The genus name for the greater prairie-chicken, Tympanuchus, comes from an ancient Greek word that translates as “holding a drum.” After witnessing the greater prairie-chicken’s mating ritual, I understood how they came to acquire such a name.
A chance to watch the spring mating rites of the Greater Prairie-Chicken.
We hiked into our blind on an early spring morning in the sandhills of Nebraska. The wind and piercing cold made me question my decision to visit the lek, a unique flat ground where these birds display their courtship dance.
Scanning the prairie as the sun slowly began to rise, I started worrying they wouldn’t show. As if on cue, a flock of birds glided down silently, landing on the booming grounds and instantly engaging one another in their unique dance.
I pushed my face against the gap in our blind, squinting towards the birds in the low light. I felt the booming before I really registered that it was a noise, and I knew the show had officially begun. These birds could really throw some bass! Before long, there were at least ten male chickens dancing in front of our blind.
The movements were almost comical as they scurried after one another with incredible speed. Between showing off for the females and defending territories from the other males, there was no shortage of action.
Pineal feathers that normally lay flat against their neck would rise, appearing like horns on the top of their heads. Their feet continuously moved in a dance, beating against the ground. Wings spread out to their sides as they leaned down as if to bow to the lek itself. The males’ heads would drop as their brilliant orange air sacs expanded, and the booming percussion would ring out across the prairie once again.
Occasionally a burst of feathers would divert our attention toward a different group of birds as a fight would break out between two males. Flashes of talons and beaks would end as one of the males was eventually chased away and the dominant chicken would claim his territory.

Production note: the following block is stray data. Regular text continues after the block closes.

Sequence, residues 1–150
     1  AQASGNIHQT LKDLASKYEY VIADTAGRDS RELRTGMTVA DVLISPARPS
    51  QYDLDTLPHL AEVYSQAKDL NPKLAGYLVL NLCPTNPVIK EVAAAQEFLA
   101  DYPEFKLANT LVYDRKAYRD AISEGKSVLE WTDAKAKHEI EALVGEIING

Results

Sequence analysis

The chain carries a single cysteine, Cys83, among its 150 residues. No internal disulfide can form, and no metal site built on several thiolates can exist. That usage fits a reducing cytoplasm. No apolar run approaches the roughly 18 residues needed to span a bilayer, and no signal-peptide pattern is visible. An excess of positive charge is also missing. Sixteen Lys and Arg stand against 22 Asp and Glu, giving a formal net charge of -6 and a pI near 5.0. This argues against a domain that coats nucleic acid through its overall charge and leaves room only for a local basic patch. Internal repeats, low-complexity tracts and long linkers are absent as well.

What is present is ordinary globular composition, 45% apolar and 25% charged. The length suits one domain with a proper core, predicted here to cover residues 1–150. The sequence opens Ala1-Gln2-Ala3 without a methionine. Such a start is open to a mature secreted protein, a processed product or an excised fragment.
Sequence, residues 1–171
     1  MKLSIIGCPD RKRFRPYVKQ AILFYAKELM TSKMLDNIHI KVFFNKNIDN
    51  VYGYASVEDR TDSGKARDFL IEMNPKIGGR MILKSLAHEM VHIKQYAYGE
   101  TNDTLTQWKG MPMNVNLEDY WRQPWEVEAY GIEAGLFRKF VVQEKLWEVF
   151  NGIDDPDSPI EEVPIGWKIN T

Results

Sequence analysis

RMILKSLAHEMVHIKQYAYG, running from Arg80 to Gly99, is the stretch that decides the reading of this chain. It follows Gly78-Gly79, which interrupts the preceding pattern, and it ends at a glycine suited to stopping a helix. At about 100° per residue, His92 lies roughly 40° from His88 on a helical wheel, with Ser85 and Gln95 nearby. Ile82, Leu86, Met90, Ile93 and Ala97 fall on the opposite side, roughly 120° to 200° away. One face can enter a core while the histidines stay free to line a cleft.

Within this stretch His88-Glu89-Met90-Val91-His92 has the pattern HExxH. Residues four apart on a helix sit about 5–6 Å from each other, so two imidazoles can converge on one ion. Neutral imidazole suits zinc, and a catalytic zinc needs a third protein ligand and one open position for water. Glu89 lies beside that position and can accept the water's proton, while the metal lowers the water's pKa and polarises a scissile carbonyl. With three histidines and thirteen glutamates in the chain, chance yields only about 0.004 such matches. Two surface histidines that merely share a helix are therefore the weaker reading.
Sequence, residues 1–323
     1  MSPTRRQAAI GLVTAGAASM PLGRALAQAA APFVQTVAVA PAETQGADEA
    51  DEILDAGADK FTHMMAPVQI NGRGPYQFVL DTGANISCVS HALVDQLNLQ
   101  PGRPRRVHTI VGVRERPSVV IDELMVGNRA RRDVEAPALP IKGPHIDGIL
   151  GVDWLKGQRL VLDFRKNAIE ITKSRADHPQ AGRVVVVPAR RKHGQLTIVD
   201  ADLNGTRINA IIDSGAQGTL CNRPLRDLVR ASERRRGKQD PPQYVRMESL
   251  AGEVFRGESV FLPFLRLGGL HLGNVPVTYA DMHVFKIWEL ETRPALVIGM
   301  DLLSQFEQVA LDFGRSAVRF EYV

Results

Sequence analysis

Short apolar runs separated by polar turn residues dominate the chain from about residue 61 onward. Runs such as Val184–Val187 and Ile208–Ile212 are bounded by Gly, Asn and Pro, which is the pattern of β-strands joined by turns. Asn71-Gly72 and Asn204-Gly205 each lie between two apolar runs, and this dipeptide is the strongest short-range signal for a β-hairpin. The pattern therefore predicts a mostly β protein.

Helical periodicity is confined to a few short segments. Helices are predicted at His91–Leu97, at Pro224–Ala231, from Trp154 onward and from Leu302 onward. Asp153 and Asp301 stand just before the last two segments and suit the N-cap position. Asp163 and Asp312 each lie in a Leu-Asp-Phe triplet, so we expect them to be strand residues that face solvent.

A cackling came from outside the blind, a noise I can only compare to a cartoon villain’s laugh, and I searched the ground directly in front of us wondering what and where it came from. Next came the clicking of talons above as I realized with excitement that one of the birds was on top of our blind. This quirky male quickly became my favorite as I continued to follow his movements after he flew down to engage with the other prairie chickens.
The scene in front of us slowed and then stopped, the males exhausted with their efforts. I was sad when it was time to leave but looked forward to our warm car and regaining feeling in all of my extremities.
I valued what little time we were able to spend with these beautiful upland birds that proved to have better dance moves than me! I look forward to making this an annual tradition and visiting the greater prairie-chickens at their booming grounds next spring.
Marissa is a licensed vet tech and biology major with a strong passion for the outdoors. Born and raised in Nebraska, exploring local uplands has become the foundation of her enthusiasm for hunting. She enjoys being involved in organizations devoted to helping others learn about conservation and outdoor activities. Much of her free time is dedicated to her family, fishing and all things related to bird dogs.